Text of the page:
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When a Man Is Tired of London ...
February 24, 2011 -- I must be tired of life because I surely was tired of London last month during a few days of work and play.
I refer, of course, to an oft-quoted Samuel Johnson maxim. He told James Boswell, frequent London visitor, that Boswell would adore the British capital should he move there. "You will find no man … who is willing to leave London. No, sir, when a man is tired of London, he is tired of life."
With all due respect to Mr. Johnson, I was not alone in my exhaustion with London last month. Most locals seemed as tired of the place as me. And the ever-prescient Johnson may have an explanation for that, too.
In a much less frequently used part of his 1777 paean, Johnson noted that "there is in London all that life can afford."
Londoners, like occasional visitors Boswell and your humble scribe, are beginning to think they just can't afford London anymore.
As 2010 yielded to 2011, London residents were hit with a blizzard of higher costs. The British value added tax jumped 2.5 points to 20 percent, highest in the world except for Sweden. Mass transit fares rose an average of 5.8 percent and as much as 13 percent on some routes. The congestion charge to drive a car in central London jumped two pounds, to 10 pounds a day. Gasoline prices have hit record highs. Clothing prices jumped 11 percent on an annual basis. Four of the country's six energy suppliers raised their fees for electricity and heating.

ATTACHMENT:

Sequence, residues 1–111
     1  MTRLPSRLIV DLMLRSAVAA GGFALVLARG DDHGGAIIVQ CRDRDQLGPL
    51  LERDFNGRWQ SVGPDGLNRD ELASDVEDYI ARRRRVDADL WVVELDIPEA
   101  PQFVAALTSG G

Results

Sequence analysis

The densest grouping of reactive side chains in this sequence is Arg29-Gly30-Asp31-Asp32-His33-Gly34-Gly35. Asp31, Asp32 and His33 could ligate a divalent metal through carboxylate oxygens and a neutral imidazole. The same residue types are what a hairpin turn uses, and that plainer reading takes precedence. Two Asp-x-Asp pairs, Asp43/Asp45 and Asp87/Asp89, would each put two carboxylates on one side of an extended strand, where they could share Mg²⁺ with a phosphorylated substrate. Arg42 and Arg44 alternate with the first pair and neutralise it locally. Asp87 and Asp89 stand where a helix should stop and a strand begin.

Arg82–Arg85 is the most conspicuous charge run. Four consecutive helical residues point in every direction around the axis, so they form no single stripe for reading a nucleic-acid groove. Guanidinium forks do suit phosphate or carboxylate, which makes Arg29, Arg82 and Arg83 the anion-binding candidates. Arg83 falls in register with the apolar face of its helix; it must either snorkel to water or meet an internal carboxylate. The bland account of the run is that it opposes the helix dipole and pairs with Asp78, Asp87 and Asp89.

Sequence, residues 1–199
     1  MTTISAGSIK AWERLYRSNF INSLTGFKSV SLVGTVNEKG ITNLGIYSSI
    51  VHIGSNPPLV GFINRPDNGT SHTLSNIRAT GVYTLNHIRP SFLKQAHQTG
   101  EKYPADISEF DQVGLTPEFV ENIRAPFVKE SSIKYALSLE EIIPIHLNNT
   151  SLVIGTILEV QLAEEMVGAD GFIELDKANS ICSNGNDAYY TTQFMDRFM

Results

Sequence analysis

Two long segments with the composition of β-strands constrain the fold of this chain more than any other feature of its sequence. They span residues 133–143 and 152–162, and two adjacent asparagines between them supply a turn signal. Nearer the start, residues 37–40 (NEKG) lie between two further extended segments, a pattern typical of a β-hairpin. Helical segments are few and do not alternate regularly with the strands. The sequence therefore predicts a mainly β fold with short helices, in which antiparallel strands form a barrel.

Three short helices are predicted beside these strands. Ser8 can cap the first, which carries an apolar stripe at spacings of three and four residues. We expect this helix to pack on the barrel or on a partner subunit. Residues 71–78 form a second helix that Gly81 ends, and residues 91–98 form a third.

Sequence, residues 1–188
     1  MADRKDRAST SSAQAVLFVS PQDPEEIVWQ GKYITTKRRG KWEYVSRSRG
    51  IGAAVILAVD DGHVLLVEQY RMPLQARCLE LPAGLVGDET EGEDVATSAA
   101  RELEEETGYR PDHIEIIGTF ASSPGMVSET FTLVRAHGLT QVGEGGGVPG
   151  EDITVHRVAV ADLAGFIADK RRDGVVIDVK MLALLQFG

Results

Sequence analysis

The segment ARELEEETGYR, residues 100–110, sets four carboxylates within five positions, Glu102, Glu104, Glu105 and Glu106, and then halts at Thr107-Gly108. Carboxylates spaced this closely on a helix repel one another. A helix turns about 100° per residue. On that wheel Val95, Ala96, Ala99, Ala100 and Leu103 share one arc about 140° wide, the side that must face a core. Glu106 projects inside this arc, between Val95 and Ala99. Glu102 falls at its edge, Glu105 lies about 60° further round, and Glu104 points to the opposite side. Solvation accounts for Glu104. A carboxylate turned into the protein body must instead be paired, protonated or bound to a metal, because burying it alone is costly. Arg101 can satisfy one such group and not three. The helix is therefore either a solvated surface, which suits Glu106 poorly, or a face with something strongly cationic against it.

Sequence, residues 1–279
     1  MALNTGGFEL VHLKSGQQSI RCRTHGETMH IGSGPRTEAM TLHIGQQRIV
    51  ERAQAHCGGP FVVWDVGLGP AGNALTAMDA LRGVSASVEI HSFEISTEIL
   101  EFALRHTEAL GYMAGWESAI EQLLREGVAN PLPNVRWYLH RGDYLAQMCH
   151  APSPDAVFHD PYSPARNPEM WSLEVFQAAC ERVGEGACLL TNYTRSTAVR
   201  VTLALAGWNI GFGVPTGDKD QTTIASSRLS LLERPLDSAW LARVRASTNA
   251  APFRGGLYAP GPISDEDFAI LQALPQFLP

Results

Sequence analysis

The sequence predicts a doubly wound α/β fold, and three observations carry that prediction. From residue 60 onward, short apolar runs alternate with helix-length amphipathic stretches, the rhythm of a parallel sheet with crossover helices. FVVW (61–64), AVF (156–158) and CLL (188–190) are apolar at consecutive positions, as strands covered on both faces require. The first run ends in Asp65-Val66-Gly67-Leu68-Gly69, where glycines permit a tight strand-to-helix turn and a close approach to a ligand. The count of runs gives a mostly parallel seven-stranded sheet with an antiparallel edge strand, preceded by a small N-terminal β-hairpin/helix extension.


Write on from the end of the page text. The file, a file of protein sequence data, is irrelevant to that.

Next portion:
There was also a blizzard of other bad news. Basic unemployment rates remain stubbornly high. The British economy contracted in the fourth quarter of 2010 while the rest of Europe and the Western world was in recovery mode. And, of course, there was the actual "blizzard," which coated London with snow just before Christmas and crippled Heathrow Airport for almost a week.
And before you issue the standard rejoinder--"Londoners always say they are miserable"--trust me when I tell you that it was different this time. I'm a big fan of London. I expect locals to grumble. Like New York, my hometown, London always has an undercurrent of discontent. We bitch and we moan and then, like Johnson, insist there is no place else in the world we'd rather live.